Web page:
Vi gillar att träffa frihetliga människor och/eller Bitcoinentusiaster vart vi än kommer och i Limassol fick vi möjlighet att träffa en svensk frihetligt sinnad person, Robert. Robert är personen bakom bloggen Avancemang och du kan också se hans politiska illustrationer här och där, till exempel i Göteborgsposten och på andra ställen.

Strax innan vi träffade Robert lyssnade vi båda på den nystartade podcasten från Klassiska Liberala Partiet (KLP) där Robert var den första gästen att prata med en annan känd svensk libertarianbloggare och en kandidat till för KLP, Erik eller Pophöger. Ja, Sverige har ett Libertarianskt parti, men det är litet. Podcasten verkar lovande så det ska bli spännande att se hur den utvecklar sig.

Robert was one of the reasons we decided to go to Limassol and we finally got a chance to meet for lunch and talk about everything from politics, education, expat life and cryptocurrencies.

We wanted to send a message to Pophöger (a political, Swedish blog persona), but we only manage to get this less flattering picture. Hej Erik!

We lived near this egg-shaped building and we only had a few minutes-walk to the beach in Limassol.

Empty beach and perfect for morning runs.

We also used the out-door gym at the Limassol Promenade. It is so much nicer to work out when you are in a warmer climate.

Limassol is also lovely to explore by foot and we really like the Promenade.

There are several art installations along the Promenade, for example the artificial lake, which you can’t jump in to, the warning signs claim that you can get electrocuted if you do.

Other art installations are less lethal. Also a lot of big ships  are anchored along the coast of Limassol.

It looks like some of the ships are involved in building something just off the coast of Limassol, but we don’t know what.

Is it going to be an artificiall island or are they looking for something?

We found a giant Christmas tree among all the palm trees and leafy trees.

Limassol Promenade from the harbour side.

The harbour consists of two parts – the old harbour,

And the new harbour.

There are a lot of nicer restaurants and shops at the new harbour. Off season for tourists so it was quite empty.

There is an newly built artificial island with expensive houses next to the new harbour. The Cypriots are building like crazy and we saw a lot of advertising of future luxury homes and flat complexes that were in the progress of being built.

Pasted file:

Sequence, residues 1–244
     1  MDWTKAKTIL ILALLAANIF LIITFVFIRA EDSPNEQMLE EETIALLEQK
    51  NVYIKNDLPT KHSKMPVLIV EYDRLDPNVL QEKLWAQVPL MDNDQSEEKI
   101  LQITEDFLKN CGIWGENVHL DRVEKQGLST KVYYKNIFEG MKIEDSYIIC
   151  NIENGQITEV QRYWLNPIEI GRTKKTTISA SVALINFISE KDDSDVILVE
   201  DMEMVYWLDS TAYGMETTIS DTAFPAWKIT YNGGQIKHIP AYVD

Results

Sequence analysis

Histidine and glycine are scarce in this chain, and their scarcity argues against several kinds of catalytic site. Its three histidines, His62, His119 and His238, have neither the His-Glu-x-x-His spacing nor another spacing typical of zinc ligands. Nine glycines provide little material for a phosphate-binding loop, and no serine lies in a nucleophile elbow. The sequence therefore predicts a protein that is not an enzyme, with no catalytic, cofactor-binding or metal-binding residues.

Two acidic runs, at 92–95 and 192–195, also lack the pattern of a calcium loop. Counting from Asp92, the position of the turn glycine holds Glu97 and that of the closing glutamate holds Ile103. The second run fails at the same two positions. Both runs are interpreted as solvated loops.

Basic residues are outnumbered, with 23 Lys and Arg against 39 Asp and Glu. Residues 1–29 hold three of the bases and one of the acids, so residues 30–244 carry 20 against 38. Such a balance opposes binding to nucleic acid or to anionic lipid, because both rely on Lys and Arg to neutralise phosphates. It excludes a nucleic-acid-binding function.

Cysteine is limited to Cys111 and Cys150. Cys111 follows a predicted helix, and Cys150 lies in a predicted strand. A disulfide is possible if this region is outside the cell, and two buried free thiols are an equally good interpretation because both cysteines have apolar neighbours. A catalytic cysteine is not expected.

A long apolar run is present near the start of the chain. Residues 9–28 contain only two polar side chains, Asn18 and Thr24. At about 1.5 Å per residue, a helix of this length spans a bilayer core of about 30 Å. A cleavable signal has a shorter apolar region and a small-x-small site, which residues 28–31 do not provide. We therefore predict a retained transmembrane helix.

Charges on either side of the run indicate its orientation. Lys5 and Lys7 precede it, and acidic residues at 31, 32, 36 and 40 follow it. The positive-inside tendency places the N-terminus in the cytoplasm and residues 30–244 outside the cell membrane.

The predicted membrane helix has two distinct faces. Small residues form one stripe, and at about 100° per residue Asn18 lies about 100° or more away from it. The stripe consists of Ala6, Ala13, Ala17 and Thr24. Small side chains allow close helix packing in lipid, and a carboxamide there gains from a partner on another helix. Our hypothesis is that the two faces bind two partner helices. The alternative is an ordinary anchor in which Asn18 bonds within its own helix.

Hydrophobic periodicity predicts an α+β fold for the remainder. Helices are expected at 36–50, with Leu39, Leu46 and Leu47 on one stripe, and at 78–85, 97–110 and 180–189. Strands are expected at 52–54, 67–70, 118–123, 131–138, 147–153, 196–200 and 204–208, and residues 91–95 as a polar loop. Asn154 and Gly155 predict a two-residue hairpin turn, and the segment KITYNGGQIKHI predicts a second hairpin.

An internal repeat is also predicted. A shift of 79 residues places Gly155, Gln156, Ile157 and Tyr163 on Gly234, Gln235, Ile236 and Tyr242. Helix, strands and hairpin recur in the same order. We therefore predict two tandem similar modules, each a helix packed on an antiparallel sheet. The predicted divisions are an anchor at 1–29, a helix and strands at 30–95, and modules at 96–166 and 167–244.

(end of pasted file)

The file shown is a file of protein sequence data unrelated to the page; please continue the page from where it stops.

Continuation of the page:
We walked through the old town of Limassol, but it was a tourist trap, so we didn’t stay there for long.

It is lovely to see fruit trees in peoples gardens, even in a bigger city like Limassol. Imagine just to go outside in the morning and grab a couple of oranges.

We can’t complain about the Cypriotic food. Sheftalia, pictured here, is a traditional Cypriotic dish. It is a sausage wthout skin. Instead the ingredients are wrapped by either caul fat or omentum (the membrane that surrounds the stomach of pig or lamb). We ate it with lots of salad in a Pita bread.

The Greek-Cypriotic part of Cyprus is really like Greece. On our walk we passed the Grivas Digenis Mausoleum, where Georgios Grivas is buried. General Georgios Grivas was the leader of the EOKA guerrilla organisation and the EOKA B paramilitary organisation, that fought for getting rid of the British colonial rule and annex Cyprus to Greece.

Then it was time for us to leave Limassol for where we decided to celebrate Christmas this year, Paphos.
You can find more pictures from Limassol in the slide show below.

 

Kyriazis Medical Museum and Merry Yule to you all!

We visited the Kyriazis medical Museum, which displays medical artifacts used by the medical doctors here in Larnaca from ancient times until the 20th century. We found this private museum using our favorite site for finding things to do around the world, Atlas Obscura.

We are also getting into the Yule feelings here on Cyprus so we will end our blog post with a Yule card from us 🙂


Vi besökte Kyriazis Medicinmuseum, som visar upp medicinska artefakter använda av läkare här i Larnaca från antikens dagar fram till 1900-talet. Vi hittade den här privata sevärdheten med hjälp av vår favoritsida för att hitta saker att göra runt om i världen, Atlas Obscura.

Vi kommer också in i julkänslorna här på Cypern så vi kommer att avsluta vår bloggpost med ett julkort från oss 🙂

Larnaca had a festival which included street art and bubbles and we passed the street where they where setting everything up when we were heading to the private medical museum.

Preparations for the festival later in the evening.

It was local artists that showed of their painting skills.

We also found an outdoor book exchange. We like these kind of things.

This was our mission that day and this is a private collector who open up his doors to the collection twice a week (Wednesdays and Saturdays, 9 AM to 12.30),
You’ll find medical items, books and old documents showing the practice and history of Cypriotic medicine from antiquity to the 20th century.

The museum was founded in 2011 by Marios Kyriazis, who had inherited these artifacts from his grandfather and great-grandfather. This is a donation-based museum, so there is no entrance fee.

You’ll find small notes describing some of the artifacts in the museum.

On old crib from the hospital.

And an old dentist chair can be found here.

As well as more ancient medical tools.

There is even old documents with description of recipes to determine if the patient is going to live or die.

or how to treat epilepsy.

and even how to always have money in your pockets.

On old microscope – still functional today.

Aspirine pills from 1935.

We found interesting adds as well. More pictures from the museum will be displayed in the slideshow below.

 

Tomorrow is the big day during Christmas for us Swedes, its the day you watch Donald duck at 3 pm, eating a “Christmas table” (julbord) and Santa will show up just after dark to give out presents to children and grown ups. We will have our own kind of Christmas here on Cyprus.

Have a lovely and peaceful Yule everyone!